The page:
Earlier this year Dr Afif Hanif flew out to Tanzania to work alongside a group of dentists for the charity Bridge2Aid.

Please find the video of Afif’s trip on our website under News/Blogs.




CPR training is an important resource in an emergency. We run courses yearly at Kendrick View to make sure we are up to date with correct procedures. Here are our pictures from latest course held of Friday 16th October 2017.


We are so pleased to be welcoming back Lucy Field to the Kendrick View hygiene team in January 2018. I know many of our patients have asked after Lucy whilst on her maternity leave and are looking forward to her return. Lucy has enjoyed her time with both new baby Aurelia and her son Chase.



We would like to welcome our new Endodontist Richard Condon to the Kendrick View team. Richard joined us in October and will be working Friday mornings 8-1. Many of you will recognise Richard’s nurse, Claire, who works alongside Dr McDonnell on a Monday & Tuesday. Joe Joubert will continue to work Tuesdays with Jane.

Richard graduated from Trinity College Dublin in 2012 and has been working in the England since. Initially working within the NHS system as a general dentist, Richard gained great experience and developed a keen interest in endodontics (root canal treatment). In 2015 he successfully applied for and started his specialist endodontic training in Guy’s Dental Hospital.

This training sees Richard working in Guy’s Hospital 2 days a week, where he treats referred patients, is involved in the teaching undergraduate students and is undertaking clinical research. This training is due to be completed in 2019, at which point Richard will be registered on the specialist list. Outside of his specialist training, Richard works in private practice limited to endodontics 3 days a week.

Richard has also previously worked at the internationally renowned Queen Victoria Hospital, East Grinstead, as part of the maxillo-facial team from 2013-2014 where he gained surgical experience.

Prior to qualifying as a dentist Richard attained a degree in Business and Law from University College Dublin, taking a particular interest in the law relating to medical and dental practice.

Away from his work and studies he is a keen traveller, reader and a sport fan, and tries to get to the Stoop to watch Harlequins play when possible.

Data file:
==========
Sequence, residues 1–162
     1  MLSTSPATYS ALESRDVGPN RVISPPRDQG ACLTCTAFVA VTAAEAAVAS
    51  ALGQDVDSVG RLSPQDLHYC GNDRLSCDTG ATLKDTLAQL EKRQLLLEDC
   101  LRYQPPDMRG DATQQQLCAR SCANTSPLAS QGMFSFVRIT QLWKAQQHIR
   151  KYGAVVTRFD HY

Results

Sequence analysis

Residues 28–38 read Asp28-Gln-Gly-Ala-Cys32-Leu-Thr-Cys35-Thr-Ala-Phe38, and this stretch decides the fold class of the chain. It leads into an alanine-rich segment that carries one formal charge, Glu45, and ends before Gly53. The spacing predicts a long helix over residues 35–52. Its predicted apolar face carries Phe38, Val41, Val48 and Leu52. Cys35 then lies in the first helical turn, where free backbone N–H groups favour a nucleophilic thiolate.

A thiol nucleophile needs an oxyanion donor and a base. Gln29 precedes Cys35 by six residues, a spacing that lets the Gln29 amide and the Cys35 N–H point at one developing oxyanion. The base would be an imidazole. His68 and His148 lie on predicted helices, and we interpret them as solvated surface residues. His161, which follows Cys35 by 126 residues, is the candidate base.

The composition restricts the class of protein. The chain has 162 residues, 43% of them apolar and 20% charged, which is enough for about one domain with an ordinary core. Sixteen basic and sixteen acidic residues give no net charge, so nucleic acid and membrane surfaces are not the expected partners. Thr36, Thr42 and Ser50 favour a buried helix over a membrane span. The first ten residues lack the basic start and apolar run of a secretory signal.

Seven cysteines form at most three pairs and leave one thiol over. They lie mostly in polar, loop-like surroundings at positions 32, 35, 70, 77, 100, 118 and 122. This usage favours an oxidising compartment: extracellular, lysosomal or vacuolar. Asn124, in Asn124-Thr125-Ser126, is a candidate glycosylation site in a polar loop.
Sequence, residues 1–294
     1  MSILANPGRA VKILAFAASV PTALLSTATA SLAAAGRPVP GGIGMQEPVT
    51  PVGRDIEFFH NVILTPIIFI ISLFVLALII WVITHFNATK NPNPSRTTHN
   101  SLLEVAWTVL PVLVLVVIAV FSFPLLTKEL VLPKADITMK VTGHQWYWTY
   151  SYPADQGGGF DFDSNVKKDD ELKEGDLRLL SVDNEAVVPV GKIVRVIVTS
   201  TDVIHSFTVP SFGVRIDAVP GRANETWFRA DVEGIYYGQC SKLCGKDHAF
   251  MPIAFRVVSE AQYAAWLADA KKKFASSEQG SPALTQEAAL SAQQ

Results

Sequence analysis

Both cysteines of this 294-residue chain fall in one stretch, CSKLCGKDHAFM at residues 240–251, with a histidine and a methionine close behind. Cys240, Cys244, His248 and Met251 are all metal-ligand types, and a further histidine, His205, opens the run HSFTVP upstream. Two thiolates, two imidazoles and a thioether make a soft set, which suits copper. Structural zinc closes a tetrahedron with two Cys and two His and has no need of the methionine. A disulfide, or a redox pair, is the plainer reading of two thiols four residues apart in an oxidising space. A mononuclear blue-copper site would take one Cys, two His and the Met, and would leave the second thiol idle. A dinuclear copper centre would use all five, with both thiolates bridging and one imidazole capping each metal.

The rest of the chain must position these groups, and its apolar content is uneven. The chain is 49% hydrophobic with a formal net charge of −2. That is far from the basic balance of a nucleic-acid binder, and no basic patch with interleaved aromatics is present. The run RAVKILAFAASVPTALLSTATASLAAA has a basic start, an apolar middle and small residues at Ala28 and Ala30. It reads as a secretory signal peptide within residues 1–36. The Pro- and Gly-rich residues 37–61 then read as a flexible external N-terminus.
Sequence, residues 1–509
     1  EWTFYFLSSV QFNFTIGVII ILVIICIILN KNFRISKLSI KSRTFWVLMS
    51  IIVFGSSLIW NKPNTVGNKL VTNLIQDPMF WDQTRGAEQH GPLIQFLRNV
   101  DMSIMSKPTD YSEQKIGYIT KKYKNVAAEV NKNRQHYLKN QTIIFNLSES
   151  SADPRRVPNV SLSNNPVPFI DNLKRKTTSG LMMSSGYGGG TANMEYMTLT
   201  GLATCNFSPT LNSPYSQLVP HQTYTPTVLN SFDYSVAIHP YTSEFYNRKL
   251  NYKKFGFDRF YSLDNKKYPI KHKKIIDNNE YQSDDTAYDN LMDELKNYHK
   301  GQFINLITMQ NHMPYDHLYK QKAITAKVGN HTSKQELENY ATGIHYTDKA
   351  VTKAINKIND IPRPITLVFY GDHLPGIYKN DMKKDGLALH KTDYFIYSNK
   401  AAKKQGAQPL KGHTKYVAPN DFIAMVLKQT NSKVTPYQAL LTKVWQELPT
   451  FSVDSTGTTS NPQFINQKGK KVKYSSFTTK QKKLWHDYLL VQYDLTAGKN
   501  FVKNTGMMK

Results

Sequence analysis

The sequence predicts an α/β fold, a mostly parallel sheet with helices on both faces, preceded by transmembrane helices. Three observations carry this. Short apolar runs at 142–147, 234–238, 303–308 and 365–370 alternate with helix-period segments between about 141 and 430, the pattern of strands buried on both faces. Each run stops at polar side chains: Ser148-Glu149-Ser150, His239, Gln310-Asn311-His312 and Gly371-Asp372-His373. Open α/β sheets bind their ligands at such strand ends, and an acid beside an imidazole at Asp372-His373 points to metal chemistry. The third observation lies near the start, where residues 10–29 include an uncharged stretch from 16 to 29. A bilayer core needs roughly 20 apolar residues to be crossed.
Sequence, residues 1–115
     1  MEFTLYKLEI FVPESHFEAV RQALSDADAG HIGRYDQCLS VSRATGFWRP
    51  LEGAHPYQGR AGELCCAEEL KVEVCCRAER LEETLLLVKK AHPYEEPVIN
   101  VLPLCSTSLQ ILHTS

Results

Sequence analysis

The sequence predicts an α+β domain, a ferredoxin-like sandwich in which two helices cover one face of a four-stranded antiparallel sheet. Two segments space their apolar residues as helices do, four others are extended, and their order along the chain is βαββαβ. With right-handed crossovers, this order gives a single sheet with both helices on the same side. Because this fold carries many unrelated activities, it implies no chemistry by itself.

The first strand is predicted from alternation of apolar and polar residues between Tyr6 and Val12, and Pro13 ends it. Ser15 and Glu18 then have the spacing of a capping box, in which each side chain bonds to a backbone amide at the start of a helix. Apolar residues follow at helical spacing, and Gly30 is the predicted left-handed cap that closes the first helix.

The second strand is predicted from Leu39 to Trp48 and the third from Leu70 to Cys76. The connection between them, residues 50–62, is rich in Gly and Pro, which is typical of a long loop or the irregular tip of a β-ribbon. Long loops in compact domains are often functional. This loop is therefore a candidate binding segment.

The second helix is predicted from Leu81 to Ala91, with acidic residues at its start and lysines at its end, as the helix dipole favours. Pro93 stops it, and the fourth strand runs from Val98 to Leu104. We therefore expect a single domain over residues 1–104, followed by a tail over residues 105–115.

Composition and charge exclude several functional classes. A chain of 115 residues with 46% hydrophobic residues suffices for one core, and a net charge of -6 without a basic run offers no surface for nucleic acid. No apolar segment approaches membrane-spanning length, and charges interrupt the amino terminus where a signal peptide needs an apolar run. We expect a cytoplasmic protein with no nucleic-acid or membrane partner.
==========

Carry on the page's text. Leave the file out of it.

Medical Complications

As we age, many of us develop more long term medical conditions such as high blood pressure, heart problems, diabetes and osteoporosis. The list goes on but it could either be the condition itself or the medication you take for it that may have an impact on your dental treatment. For instance, many blood pressure medicines cause a dry mouth as a side effect. A dry mouth affects tasting, eating and digesting food. It means your teeth feel sharper and rougher so that may irritate your tongue and, most importantly, it means you are much more vulnerable to decay. Not only that but the decay mainly affects the roots of the teeth, making it more difficult to treat. Another example would be if you have heart disease or surgery. You may be taking warfarin or one of the newer blood thinning medicines. It’s likely you would bleed a lot more if you need an extraction so your dentist would need to take extra precautions if you need an extraction.

This is why it’s really important to keep your dentist and hygienist informed about your health and to always keep them updated about any medications you take, whether prescribed or not.

Loss of Taste

Over the age of 60 our sense of taste starts to deteriorate so food tastes less interesting. We seek out stronger tastes so may like saltier food. Even as the other tastes fade, we can still taste sweet so we seek out sweeter tasting food and drinks. Of course this usually means more sugar which is the favourite food source for the bacteria which cause decay.

Health and Fitness

We’re constantly urged to get fit and stay fit and many of us take this message to heart. Be careful, though of Sports Drinks, Energy Gels and Bars which are often high in sugar. They may be needed by performance athletes but think whether a bottle of water would serve you just as well. Constant exposure to sugar is a sure fire recipe for dental decay.

More information to come in the next newsletter...